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Map bias in Counter-Strike

DISCLAIMER: This is a very opinionated piece, where I centralize most of the themes and topics around my own opinion, read on at your own risk.

Every map has an inherent bias – the only map close to having a ‘perfect’ balance was Inferno of 1.6, but even that had a slight edge toward CT teams. Balancing of a map to create a true 50/50 chance on gun rounds, is impossible. For now, I’ll break down what makes up each side of the spectrum and answer some potential FAQs about my opinions on the bias’ for maps.

T-sided Maps


Maps you might be familiar with that are famously T-sided include Dust II and Cobblestone. Both maps are quite an uninteresting watch, as the flow of the game feels off. At times it feels like quite literally anything can happen. I can see why people love these maps. They are easy to play in a random PUG;  for those who prefer to watch action, and craziness all over the map, these maps are perfect.

T-sided maps are forged when the CT team is given limited options for aggression that aren’t harshly punishable, and they also have a middle lane for the Terrorist side to cut off the rotation of the CTs, that the Ts can easily take control of. When these two circumstances meet on a map, it creates a T-side bias.

But Cobble is a very tactical map, what about the NiP smokes?


Just because you can throw some fancy smokes, and execute at all in any sense, does not make a map tactically based. A tactic based map is a map that you are required to have proper T-side executions and a system. Tactical maps entail tactics. Maps such as Cobblestone and Dust II do not require tactics and in fact, some of the best teams in history on these maps play loose with no tactical regime.

Are you saying Dust II is a bad map?

In my personal opinion, yes Dust II is a bad map.

So you think T-sided maps have no place in the map pool?

I think they definitely have a place, as they can create fun and exciting matches at times. That loose style of play is fun to watch as a casual viewer, especially with great players at work. T-sided maps are nice for a mixup but I personally think they should not dominate the map pool.

CT-sided Maps


Maps that favor the defense are made to make tactical incorporation on the offense much more critical. Famously CT-sided maps are Nuke, Train and Overpass. Not surprisingly, without proper tactics on any of these maps, you will most likely get bodied. In my personal opinion, these maps make Counter-Strike the great game we know, as tactics are what separate Counter-Strike from every other first-person shooter game.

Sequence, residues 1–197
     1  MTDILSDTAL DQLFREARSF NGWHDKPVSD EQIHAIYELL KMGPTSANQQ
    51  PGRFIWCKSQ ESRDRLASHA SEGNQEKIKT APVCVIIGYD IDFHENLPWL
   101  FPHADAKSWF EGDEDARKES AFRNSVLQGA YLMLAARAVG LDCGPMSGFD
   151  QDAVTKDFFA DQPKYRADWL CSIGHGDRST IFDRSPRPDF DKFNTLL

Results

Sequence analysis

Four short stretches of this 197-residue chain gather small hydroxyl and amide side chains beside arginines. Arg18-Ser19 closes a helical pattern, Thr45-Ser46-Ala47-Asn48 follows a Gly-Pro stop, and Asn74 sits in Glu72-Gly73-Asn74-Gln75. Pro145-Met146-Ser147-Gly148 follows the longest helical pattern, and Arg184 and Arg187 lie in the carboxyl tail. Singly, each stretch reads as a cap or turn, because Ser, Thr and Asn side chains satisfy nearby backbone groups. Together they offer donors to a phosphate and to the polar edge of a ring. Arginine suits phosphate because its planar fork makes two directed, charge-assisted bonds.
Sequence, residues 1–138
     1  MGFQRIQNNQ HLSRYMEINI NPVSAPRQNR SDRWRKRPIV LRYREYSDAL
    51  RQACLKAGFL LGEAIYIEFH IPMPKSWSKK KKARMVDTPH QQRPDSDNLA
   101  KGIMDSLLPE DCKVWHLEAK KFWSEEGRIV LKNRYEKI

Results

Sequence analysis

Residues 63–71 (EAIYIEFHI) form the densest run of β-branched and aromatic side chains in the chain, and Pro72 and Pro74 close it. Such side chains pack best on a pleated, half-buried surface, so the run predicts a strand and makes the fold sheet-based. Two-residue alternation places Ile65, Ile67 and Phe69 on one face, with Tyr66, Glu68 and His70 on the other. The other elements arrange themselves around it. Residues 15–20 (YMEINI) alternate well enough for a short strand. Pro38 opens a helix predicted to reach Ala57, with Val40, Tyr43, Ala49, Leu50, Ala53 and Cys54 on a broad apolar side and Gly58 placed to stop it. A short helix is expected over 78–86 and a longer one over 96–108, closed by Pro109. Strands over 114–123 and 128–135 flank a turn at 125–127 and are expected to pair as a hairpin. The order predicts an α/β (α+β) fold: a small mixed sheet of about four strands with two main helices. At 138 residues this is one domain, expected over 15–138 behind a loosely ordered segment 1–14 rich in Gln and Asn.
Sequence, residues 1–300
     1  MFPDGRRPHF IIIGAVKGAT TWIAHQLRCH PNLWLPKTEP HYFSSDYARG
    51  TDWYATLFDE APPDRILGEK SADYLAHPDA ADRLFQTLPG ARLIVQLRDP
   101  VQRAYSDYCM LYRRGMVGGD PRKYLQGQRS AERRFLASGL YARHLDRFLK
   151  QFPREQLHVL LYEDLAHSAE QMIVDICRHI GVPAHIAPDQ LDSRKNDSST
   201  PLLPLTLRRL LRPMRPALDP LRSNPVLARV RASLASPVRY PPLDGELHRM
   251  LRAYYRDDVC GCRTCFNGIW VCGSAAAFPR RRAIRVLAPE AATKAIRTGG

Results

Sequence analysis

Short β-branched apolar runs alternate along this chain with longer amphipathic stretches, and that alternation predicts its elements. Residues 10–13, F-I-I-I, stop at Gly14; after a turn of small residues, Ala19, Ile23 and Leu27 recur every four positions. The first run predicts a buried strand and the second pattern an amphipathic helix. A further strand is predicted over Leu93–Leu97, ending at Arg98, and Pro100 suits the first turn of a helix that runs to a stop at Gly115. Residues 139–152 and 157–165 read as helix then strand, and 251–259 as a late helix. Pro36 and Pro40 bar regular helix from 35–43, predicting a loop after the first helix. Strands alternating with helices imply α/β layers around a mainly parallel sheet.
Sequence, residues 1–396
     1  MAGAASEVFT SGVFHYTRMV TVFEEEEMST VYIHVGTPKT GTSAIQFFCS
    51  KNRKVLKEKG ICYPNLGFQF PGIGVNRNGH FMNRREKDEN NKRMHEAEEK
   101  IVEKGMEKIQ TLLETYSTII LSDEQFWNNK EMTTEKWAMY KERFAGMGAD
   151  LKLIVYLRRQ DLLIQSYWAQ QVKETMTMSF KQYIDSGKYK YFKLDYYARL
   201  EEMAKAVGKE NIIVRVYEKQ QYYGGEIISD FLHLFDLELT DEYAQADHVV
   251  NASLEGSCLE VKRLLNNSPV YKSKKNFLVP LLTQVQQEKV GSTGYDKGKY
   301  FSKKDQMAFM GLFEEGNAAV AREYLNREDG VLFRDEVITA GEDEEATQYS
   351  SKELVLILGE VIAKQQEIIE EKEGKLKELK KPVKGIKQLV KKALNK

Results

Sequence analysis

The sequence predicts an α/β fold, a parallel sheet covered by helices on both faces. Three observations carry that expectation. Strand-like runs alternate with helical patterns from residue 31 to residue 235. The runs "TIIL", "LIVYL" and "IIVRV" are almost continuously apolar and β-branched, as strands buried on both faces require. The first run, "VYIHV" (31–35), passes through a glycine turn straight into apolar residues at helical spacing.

How are CT-sided maps made?

To create a CT-sided map, you basically just need to give options for the defense to rotate that can’t be cut off easily by the offense. Now, creating what I would call a great CT biased map is difficult. Maps such as Overpass and Train have done wonders for this. Giving the CTs plenty of options for aggression, and the Terrorists many options of attack.

It’s no fun to watch a team get 10 rounds on CT side every time!


The battle for T-side rounds is what maked Counter-Strike an incredible game. Watching incredible skill on display, to win five to six rounds, knowing that the team will kill it on CT-side. Teams such as Fnatic were famous for that style of game.

Watching a team run up to seven, eight, even nine T-side rounds on a map we know is CT-sided, with flawless execution, and incredible teamwork is great. Teams run by Kévin “Ex6TenZ” Droolans known to have this philosophy. Whether skill or tactics is the focus, games are incredibly exciting to watch on defensively biased maps.

How can you like Nuke? It’s an awful map…

I wouldn’t say I particularly like this current version of Nuke, but I still do love the ideas behind it. The map definitely needs some more attention, which we know Valve will most likely never give it. A victim of unfortunate circumstances leaves the map in it’s worst state. The older versions of Nuke, particularly the 1.6 version, created some incredible Counter-Strike and it’s a shame to see it like this.

We may never see a map achieve true perfection of balance, but I don’t think that is necessarily a bad thing…

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